The World’s Most Misunderstood Spice: Allspice

Allspice is perhaps the most confused of the spices in the United States. Many people thing it is a mixture of spices, when in fact it is the dried unripe berry of the allspice tree. The flavor and fragrance
permeates the entire plant. You find it in the leaves and in fact in the Caribbean Islands, they use the leaves in cooking like we would use a bay leaf. The clove aroma is very pleasantly strong. The eugenol in the allspice has a very powerful anti-microbial property and is used as an antiseptic. In fact Napoleon’s troops would crush the allspice berries into their boots and let the eugenol kill bacteria and fungi to keep the booth from rotting out. Many of us know the aroma of Clove oil, because it also treats pain and is frequently used for babies that are cutting their first teeth. Columbus thought he had found pepper. In fact, he called the plant pimiento, which is Spanish for pepper and his mistake five hundred years ago are perpetrated on us even today because the scientific name of the allspice plant is pimienta dioica. Couple months ago are allspice plant here at the Botanic Garden produced fruit. We allowed those fruit to dry and looking just like pepper we have the allspice berries. The flavor and fragrance of allspice penetrates the entire plant. One a primary uses of allspice in North America is as one of the principal ingredients and ketchup. In fact in ketchup food processing plants they buy allspice by the ton. One of my favorite uses of allspice is as an ingredient in the mixture of spices that is sold as pumpkin spice and used to make one of my favorite all-American desserts, pumpkin pie. mmmmmmm…. great. And in fact, in the Caribbean islands where allspice is grown, they used the allspice leaves, just like we would use bay leaves here in North America.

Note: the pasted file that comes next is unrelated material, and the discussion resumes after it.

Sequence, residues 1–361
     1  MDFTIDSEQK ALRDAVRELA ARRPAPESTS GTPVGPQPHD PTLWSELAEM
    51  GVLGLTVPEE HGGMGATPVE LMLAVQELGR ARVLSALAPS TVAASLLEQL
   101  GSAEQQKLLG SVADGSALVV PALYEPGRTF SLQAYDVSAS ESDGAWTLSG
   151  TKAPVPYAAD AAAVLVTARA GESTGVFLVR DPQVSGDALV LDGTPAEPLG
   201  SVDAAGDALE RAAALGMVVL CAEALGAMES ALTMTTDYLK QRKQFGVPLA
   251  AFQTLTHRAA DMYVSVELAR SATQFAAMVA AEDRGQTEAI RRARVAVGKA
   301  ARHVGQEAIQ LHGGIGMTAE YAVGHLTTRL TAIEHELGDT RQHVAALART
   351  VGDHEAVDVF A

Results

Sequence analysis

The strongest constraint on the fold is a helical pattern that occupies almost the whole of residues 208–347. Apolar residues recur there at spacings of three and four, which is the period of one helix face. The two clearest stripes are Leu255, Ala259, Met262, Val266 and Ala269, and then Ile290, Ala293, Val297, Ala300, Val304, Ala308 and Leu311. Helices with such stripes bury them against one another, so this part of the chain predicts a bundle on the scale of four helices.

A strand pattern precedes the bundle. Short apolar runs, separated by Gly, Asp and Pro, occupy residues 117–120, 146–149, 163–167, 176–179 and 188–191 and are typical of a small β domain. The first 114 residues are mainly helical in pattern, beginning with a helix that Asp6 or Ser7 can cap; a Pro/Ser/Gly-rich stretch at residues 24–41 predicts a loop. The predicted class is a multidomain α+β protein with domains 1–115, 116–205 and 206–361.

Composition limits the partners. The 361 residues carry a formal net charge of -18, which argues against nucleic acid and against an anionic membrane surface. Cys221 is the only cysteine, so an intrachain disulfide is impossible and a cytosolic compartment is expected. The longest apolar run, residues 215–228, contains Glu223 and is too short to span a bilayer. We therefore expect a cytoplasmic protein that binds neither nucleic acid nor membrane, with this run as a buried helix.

1. This is actually kind of upsetting as every time I've bought allspice it says the ingredients on the back are cloves, cinnamon and nutmeg. So, I guess I've never actually had allspice. That's kinda messed up.

  2. I was so glad to see the visual aids . I don't think I would have understood what ketchup was without seeing it with my own eyes squirted onto that plate . Brilliant technical production . I assume he has an uproariously funny blooper/out-take collection as well..

  3. I believe that it was Russian (not Napoleonic) troops that put allspice in their boots during Napoleon's invasion of Russia.

  4. Got the information I needed. Allspice is a plant, not a mixture of spices. Thank you.
    This guy goes into even more interesting and helpful detail about Allspice:
    AND here's a video of the tree itself:

  5. Greetings! My Allspice tree has it's first berries …. I just noticed today. Do you have instructions on when to pick them and how to process the berries? Thanks in advance.

  6. we have this plant at home but we never use it .. coz we still prefer Garam Masala's aroma.. but if it's berry is good to prevent shoe smell then I think I'll start collecting the berries

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